Poisoning of reintroduced red kites in England: new paper

A new scientific paper has just been published that suggests anti-coagulant rodenticide poisoning, illegal pesticide poisoning, and lead poisoning ‘may be slowing the recovery of red kites in England’.

The paper, ‘Poisoning of reintroduced red kites (Milvus milvus) in England’ has been authored by scientists from the Institute of Zoology, Natural England, FERA Science Ltd and the NERC Centre for Ecology and Hydrology and was published online today in the European Journal of Wildlife Research.

The full paper can be accessed here

Photo of a poisoned red kite by Marc Ruddock

The research was undertaken on 162 red kites collected between 1989-2007, so these are pretty old data and the game-shooting apologists will undoubtedly claim that illegal persecution is no longer a problem, ten years on.

However, regular blog readers will be well aware of the long list of confirmed red kite persecution incidents (illegal poisoning and shooting) in England since 2007 (e.g. see here) which is restricting the kite’s population range in some parts of England, just as it is in some parts of Scotland (see here).

Illegal poisoning, coupled with secondary poisoning from anti-coagulant rodenticides and lead poisoning was a problem for the newly-reintroduced red kites and, along with illegal shooting and trapping, still remains a problem 28 years on.

Same shit, different decade.

Here’s the abstract from the new paper:

DEFRA’s response to Ban Driven Grouse Shooting petition

Late last week DEFRA provided its response to Gavin Gamble’s e-petition calling for a ban on driven grouse shooting, after the petition reached 10,000 signatures.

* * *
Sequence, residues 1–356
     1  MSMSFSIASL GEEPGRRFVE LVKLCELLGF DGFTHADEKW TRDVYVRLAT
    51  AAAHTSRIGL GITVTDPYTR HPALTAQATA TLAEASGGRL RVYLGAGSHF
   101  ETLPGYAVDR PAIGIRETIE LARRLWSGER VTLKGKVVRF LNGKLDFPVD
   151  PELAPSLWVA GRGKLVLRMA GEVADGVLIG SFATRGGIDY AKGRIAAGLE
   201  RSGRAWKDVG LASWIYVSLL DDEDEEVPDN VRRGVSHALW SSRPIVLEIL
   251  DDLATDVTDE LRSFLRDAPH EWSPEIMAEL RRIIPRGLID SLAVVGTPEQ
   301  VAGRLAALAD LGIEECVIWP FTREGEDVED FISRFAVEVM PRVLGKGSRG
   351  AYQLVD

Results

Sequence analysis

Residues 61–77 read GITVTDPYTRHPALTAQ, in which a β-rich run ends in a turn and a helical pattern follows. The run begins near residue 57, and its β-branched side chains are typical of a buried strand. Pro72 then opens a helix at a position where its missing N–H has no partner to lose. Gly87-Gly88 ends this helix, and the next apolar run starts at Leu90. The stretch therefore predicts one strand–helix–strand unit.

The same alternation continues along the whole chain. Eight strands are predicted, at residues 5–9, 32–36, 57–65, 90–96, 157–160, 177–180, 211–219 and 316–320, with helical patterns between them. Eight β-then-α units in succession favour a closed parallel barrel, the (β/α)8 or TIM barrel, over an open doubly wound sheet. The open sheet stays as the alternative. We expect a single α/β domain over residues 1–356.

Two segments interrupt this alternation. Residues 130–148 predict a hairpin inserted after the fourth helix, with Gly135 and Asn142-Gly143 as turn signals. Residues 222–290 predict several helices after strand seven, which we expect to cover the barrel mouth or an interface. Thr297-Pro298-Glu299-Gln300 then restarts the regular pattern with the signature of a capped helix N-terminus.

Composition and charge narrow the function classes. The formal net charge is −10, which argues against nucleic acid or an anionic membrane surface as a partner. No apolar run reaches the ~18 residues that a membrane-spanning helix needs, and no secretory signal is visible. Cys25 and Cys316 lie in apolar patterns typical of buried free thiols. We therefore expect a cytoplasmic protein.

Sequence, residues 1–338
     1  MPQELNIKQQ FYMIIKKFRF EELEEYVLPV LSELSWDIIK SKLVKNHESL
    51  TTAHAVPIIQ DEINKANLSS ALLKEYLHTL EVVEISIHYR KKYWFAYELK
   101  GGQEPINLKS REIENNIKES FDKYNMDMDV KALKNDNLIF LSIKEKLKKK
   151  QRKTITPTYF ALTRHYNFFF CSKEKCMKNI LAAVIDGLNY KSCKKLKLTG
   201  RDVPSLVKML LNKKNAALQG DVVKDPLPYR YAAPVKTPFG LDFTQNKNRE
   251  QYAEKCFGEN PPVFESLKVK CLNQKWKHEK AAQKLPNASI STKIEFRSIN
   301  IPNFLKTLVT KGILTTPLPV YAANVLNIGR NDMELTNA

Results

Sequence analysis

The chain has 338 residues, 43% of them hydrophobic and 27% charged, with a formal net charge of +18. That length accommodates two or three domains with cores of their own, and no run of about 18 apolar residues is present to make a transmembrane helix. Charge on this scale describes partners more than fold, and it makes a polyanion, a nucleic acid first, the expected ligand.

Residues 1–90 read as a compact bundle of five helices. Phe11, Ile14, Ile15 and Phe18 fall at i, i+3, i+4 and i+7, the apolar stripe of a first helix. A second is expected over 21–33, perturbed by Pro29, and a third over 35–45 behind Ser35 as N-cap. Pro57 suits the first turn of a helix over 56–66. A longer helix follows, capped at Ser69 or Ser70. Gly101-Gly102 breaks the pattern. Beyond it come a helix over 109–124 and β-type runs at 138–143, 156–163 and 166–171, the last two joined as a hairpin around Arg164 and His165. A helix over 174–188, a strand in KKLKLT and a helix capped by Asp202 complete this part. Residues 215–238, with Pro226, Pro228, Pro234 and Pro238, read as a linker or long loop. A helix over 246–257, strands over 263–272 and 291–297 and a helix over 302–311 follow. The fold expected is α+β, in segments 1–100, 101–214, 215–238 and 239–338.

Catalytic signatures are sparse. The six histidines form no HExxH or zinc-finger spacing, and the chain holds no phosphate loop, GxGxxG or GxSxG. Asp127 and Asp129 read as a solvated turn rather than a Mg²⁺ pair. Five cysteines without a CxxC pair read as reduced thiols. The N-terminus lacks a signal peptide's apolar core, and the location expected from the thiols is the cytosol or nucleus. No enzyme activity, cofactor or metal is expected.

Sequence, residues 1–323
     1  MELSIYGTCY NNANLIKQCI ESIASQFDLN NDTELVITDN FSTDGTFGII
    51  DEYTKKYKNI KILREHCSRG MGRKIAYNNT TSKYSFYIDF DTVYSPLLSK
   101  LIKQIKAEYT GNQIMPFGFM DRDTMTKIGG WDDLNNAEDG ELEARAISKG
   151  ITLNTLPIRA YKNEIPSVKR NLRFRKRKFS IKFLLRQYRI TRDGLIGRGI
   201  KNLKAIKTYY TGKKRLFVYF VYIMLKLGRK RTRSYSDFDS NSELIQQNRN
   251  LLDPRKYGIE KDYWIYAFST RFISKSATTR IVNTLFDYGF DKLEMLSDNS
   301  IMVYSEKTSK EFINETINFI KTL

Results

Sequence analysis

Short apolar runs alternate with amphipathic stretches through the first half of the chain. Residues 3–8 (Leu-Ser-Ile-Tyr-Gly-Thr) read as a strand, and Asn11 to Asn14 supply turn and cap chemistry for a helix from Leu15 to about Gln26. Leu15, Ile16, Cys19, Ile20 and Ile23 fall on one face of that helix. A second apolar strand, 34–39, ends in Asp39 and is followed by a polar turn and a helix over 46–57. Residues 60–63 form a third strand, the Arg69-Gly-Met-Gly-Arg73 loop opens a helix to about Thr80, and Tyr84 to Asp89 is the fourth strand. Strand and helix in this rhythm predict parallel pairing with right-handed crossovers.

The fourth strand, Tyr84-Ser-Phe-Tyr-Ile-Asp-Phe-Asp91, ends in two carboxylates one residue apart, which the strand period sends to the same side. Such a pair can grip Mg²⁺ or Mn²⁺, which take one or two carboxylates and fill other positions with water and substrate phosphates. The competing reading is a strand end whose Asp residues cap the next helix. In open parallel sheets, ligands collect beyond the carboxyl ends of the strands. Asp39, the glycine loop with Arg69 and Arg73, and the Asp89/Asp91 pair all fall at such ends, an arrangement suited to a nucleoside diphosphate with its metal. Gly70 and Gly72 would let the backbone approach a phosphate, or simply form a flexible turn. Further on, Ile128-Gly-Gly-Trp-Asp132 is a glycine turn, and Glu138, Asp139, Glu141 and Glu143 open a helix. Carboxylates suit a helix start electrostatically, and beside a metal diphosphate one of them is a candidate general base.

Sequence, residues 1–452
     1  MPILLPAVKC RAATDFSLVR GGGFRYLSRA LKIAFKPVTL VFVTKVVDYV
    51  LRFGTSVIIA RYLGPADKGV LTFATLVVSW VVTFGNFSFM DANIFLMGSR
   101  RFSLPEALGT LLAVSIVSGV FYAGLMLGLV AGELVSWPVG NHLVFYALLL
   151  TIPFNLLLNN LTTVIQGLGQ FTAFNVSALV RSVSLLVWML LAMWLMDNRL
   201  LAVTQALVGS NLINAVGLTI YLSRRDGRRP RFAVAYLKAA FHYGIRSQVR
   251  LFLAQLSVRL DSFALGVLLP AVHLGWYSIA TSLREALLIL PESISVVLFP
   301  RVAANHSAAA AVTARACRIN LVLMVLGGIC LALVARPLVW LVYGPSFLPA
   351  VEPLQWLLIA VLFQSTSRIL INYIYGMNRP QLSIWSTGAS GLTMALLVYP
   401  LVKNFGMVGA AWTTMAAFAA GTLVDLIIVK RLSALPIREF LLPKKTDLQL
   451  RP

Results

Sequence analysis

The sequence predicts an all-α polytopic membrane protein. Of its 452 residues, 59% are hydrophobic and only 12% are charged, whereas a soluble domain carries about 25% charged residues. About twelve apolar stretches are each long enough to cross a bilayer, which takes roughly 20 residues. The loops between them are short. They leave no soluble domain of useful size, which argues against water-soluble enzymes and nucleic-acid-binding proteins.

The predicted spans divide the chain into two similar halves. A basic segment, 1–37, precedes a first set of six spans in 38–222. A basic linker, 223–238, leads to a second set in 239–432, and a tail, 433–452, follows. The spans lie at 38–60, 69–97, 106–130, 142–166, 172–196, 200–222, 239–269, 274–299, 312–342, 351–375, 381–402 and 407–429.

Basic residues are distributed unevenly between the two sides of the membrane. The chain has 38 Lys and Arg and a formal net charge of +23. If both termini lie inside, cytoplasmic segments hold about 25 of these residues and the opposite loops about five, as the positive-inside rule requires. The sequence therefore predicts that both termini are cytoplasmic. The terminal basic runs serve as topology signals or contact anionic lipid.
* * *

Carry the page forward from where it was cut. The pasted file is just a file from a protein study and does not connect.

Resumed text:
DEFRA’s response was entirely predictable and we have no intention of spending time on a detailed analysis of its complacency and denial; Mark Avery has already covered this well (see here, here, here).

Instead we wanted to pick up on just a couple of things that were mentioned, to set the groundwork for two forthcoming blogs.

First of all the Raptor Persecution Priority Delivery Group (RPPDG). This cumbersomely-named group is basically the English/Welsh version of the PAW Scotland Raptor Group – just another charade of partnership-working, dominated by pro-gameshooting organisations such as the Moorland Association, National Gamekeepers Organisation, Countryside Alliance, BASC but also involves others such as the RSPB, Natural England, DEFRA. The DEFRA response to Gavin’s e-petition gives a nod to the RPPDG and claims the group is “working on developing tools to help tackle raptor persecution crimes“.

Part of the RPPDG’s remit is to provide publicity about raptor persecution ‘in order to build trust and transparency’. However, as far as we’re aware, at least in recent years, this group hasn’t provided ANY publicity for ANY raptor persecution crime.

Back in 2013 the group did publish a raptor poisoning map covering the period 2007-2011 (see here). Since then, this ‘delivery group’ has delivered bugger all. Although according to DEFRA’s Hen Harrier Action Plan, “the RPPDG have been publishing information on raptor poisoning since Feb 2013 and this is updated annually“. That was a lie – the group hasn’t published any information since that 2007-2011 poisoning map.

We’ll be returning to the subject of the RPPDG in another blog very soon, as we’ve got hold of some minutes from various RPPDG meetings that demonstrate how little it has achieved since 2013. We’ll be publishing those minutes for your entertainment.

The second thing we want to pick up on from DEFRA’s response to the e-petition is this paragraph:

The [Hen Harrier] Action Plan was developed with senior representatives from organisations including Natural England, the Moorland Association, the National Gamekeepers’ Organisation, the Game & Wildlife Conservation Trust, National Parks England and formerly the RSPB. These organisations, led by Natural England, will monitor activities and report annually on progress to the Defra Uplands Stakeholder Forum and the UK Tasking and Co-ordinating group for Wildlife Crime‘.